Augusto Odone, a former World Bank economist, defied skeptical scientists to invent a treatment to try to save the life of his little boy, wasting away from a neurological disease, and to give hope to other children afflicted with the same genetic defect.
Odone, 80, died on Thursday in his native Italy, five years after the death of his son Lorenzo, who astonished doctors by surviving decades longer than they predicted.
The concoction, derived from natural cooking oils, became known as Lorenzo’s Oil, which was also the title of a movie depicting the relentless efforts by Odone and his late wife, Michaela, to try to find a cure.
Cristina Odone told The Associated Press on Friday that her father had died in Acqui Terme, a town in northwestern Italy in the area where he grew up. She said he had lived for many years with a series of medical problems and had died of organ failure precipitated by a lung infection.
“What was so remarkable about my father is that he would never accept a death sentence, either for his own son or for himself,” she said. “He was supposed to die eight years ago, six years ago, four years ago. Till the very end, he would not accept either medical wisdom or a death sentence that nature would impose.”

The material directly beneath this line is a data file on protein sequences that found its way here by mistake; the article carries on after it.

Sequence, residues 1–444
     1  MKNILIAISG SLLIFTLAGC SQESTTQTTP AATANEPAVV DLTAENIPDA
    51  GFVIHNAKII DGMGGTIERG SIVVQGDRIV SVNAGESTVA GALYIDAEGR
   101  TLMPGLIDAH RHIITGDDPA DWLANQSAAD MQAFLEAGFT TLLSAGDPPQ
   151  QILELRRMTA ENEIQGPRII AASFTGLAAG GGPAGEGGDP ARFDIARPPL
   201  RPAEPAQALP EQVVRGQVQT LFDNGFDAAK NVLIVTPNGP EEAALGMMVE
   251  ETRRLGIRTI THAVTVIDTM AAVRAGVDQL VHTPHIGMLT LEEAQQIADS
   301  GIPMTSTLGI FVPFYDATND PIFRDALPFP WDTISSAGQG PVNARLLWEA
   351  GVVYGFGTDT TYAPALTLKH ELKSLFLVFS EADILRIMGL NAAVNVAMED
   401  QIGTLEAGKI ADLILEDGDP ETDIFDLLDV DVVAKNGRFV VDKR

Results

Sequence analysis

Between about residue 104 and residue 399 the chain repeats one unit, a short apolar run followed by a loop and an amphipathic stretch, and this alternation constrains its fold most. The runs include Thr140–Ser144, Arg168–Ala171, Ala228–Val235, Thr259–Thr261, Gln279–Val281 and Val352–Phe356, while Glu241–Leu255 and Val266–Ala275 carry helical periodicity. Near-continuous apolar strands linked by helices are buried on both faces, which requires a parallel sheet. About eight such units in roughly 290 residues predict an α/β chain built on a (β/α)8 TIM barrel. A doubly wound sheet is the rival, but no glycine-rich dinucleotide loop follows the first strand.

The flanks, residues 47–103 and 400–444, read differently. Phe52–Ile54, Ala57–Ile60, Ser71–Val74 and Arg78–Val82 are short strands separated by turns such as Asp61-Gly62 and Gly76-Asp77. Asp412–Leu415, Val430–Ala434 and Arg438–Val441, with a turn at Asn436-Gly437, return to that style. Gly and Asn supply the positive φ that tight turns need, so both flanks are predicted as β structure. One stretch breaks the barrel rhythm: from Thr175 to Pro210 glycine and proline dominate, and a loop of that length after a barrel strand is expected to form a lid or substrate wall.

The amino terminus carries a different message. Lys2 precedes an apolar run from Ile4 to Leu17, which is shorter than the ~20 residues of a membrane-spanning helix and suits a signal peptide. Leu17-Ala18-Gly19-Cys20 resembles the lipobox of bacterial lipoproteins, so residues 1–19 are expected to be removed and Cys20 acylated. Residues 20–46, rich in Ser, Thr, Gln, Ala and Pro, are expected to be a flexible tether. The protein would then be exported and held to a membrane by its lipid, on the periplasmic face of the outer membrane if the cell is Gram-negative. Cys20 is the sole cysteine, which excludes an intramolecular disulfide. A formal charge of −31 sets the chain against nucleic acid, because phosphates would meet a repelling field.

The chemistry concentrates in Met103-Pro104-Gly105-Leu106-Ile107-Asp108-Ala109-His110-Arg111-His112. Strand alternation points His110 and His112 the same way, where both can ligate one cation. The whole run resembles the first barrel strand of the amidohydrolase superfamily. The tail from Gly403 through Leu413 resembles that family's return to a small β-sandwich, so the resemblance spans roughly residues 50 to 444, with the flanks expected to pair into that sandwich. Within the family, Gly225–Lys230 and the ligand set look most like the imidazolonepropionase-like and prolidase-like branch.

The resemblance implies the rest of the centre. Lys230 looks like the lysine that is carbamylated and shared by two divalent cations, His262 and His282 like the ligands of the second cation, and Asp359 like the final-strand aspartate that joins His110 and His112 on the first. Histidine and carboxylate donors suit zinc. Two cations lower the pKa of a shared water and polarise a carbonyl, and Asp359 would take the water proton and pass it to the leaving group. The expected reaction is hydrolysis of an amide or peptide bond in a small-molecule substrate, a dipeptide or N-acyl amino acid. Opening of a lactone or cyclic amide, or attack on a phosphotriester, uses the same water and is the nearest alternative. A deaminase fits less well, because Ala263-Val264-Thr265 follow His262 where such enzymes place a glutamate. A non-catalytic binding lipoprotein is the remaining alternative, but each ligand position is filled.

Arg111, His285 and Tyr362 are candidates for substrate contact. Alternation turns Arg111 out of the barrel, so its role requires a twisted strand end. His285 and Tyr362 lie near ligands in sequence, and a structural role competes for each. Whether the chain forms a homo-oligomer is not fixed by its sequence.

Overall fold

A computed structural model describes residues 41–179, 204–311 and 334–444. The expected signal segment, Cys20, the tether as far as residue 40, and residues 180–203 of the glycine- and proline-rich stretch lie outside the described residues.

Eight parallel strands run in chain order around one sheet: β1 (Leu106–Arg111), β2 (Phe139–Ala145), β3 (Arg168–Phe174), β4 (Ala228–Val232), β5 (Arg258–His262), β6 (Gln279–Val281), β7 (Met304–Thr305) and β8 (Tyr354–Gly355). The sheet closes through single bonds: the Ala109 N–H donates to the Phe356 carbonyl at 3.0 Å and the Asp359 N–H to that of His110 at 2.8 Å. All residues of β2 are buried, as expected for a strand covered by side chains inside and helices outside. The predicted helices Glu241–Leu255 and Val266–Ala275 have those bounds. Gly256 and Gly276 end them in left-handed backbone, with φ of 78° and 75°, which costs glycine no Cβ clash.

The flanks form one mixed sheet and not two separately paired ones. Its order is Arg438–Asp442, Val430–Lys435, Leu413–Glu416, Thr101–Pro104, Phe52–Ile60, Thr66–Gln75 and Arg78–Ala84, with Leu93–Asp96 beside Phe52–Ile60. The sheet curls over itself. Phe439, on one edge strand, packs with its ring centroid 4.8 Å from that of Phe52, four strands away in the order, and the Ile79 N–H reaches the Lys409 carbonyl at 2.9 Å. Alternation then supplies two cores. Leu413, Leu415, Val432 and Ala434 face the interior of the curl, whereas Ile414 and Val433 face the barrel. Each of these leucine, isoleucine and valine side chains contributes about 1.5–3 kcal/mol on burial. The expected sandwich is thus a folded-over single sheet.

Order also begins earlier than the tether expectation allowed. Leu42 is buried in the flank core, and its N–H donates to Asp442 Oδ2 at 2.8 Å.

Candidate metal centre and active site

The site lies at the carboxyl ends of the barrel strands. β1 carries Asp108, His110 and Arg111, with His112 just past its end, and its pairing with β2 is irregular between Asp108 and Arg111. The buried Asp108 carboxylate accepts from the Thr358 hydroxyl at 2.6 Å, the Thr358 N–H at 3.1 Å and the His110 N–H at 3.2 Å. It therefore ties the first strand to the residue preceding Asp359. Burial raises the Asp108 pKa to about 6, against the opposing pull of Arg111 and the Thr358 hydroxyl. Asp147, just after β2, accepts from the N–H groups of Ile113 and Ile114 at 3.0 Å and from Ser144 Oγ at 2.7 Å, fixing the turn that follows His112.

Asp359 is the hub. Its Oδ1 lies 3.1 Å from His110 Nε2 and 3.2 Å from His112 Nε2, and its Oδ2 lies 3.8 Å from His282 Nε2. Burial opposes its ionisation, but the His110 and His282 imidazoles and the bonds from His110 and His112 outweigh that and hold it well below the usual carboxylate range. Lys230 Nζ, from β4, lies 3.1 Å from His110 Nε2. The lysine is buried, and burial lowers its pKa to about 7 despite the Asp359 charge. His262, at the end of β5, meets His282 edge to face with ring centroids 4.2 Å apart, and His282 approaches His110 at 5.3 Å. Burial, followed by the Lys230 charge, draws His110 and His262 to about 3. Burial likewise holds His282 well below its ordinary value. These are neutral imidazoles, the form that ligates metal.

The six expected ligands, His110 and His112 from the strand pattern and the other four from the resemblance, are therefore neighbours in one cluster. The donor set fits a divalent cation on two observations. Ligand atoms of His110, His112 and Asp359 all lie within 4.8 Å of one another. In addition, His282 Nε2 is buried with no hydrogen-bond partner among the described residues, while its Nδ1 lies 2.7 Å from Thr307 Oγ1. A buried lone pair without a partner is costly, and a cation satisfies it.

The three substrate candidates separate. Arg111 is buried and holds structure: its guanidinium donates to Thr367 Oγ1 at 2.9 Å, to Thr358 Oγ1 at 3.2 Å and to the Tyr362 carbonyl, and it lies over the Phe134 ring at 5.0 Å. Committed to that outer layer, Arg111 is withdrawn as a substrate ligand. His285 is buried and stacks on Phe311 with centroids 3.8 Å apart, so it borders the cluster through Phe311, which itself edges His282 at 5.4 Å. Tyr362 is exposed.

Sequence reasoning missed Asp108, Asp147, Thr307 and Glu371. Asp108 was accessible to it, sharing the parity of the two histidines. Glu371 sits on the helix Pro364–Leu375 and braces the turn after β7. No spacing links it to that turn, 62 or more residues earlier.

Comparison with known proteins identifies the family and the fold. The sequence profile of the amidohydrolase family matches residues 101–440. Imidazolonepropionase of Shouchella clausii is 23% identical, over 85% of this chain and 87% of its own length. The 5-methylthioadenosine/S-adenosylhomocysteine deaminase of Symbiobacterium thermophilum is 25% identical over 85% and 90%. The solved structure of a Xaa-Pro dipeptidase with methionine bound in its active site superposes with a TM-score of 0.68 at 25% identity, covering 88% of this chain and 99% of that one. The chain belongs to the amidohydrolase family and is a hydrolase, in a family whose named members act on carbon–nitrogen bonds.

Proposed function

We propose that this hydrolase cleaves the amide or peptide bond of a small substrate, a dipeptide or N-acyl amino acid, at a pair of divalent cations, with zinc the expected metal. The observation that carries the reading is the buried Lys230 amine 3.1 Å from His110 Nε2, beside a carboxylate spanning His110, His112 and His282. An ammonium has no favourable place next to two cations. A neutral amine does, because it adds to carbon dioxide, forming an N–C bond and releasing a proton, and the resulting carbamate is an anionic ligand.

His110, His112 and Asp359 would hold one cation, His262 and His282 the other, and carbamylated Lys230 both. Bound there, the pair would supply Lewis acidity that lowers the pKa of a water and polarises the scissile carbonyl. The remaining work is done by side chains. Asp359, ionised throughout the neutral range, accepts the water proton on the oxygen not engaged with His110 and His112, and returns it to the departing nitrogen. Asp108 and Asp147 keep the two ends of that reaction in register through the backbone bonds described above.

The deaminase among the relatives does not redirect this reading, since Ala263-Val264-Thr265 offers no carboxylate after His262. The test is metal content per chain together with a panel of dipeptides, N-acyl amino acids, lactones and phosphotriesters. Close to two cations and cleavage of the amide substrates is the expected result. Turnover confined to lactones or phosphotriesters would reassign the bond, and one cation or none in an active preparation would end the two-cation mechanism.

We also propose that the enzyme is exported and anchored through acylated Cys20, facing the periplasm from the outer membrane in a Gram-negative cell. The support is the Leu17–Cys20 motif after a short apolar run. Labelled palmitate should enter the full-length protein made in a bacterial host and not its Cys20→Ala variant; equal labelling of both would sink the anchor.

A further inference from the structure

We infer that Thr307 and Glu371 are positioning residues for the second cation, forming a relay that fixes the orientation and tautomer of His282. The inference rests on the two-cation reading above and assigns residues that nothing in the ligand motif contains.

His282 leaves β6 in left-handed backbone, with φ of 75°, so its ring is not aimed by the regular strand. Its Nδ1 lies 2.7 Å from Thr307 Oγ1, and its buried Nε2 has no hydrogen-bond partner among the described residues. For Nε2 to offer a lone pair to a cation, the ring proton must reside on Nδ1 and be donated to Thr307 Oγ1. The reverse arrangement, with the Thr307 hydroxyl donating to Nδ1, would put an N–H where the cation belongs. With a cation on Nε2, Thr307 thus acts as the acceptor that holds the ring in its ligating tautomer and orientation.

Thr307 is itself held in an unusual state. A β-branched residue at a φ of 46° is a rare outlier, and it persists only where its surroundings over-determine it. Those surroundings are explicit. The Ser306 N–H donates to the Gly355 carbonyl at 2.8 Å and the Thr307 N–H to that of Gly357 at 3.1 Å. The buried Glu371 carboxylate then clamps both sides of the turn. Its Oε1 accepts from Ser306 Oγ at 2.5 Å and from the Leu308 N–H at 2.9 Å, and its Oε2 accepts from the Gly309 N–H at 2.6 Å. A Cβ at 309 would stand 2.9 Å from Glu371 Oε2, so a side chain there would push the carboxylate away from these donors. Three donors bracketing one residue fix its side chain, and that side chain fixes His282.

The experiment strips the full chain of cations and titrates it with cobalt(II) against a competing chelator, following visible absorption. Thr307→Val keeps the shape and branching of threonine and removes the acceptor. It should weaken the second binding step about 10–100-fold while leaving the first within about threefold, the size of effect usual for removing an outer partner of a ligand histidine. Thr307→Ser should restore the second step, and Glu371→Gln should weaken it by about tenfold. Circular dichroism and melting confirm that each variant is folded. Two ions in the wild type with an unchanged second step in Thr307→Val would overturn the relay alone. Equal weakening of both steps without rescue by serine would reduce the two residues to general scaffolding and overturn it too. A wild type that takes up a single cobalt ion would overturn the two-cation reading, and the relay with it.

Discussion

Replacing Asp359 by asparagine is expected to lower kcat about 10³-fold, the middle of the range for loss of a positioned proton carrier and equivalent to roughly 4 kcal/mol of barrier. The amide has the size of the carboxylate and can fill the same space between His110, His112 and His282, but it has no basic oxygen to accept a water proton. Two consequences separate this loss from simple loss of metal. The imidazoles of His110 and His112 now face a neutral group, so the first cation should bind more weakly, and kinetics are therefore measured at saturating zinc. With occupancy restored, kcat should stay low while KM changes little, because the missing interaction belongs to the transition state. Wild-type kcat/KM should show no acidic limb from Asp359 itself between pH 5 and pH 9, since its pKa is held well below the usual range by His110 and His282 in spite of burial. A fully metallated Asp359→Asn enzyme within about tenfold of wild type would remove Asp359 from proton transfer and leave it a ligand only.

In the 1992 film “Lorenzo’s Oil,” Nick Nolte played Odone, while Susan Sarandon played his wife.
Lorenzo was diagnosed with adrenoleukodystrophy, a neurological disease also known as ALD, when he was 6 and living in the Washington, D.C., area. Doctors predicted the rare genetic disease would kill him in a few years and that he would not survive childhood. But Augusto and his wife Michaela refused to accept an outlook of doom.
Odone took early retirement and began work. After scouring medical journals and consulting scientists and doctors, he taught himself enough science that in 1987 he came up with a concoction derived from natural cooking oils.
He turned to a British scientist to produce an edible version, eventually contained in a bottle carrying the simple name “Lorenzo’s Oil.”
ALD is caused by a genetic defect that destroys the sheath covering nerve fibers. It is characterized by the buildup of substances in the blood called long-chain fatty acids. Lorenzo’s Oil is believed to return acid levels to normal when the condition is diagnosed early and the oil is accompanied by a strict, low-fat diet.
New York-born Michaela Odone died of lung cancer in 2000. Lorenzo died in 2008 at age 30. His parents had cared for him at home as he became paralyzed and lost the ability to talk, needing 24-hour care.
After his son’s death, Augusto Odone returned to his home region of Italy and wrote a book, “Lorenzo and His Parents.”
Cristina Odone ventured that her father’s legacy was to “try and try and try again, even when all around you say it is impossible.”
Odone is survived by Cristina and son Francesco. Cristina Odone also named as part of the surviving family Oumouri Hassane, the man who cared for Lorenzo from his early years.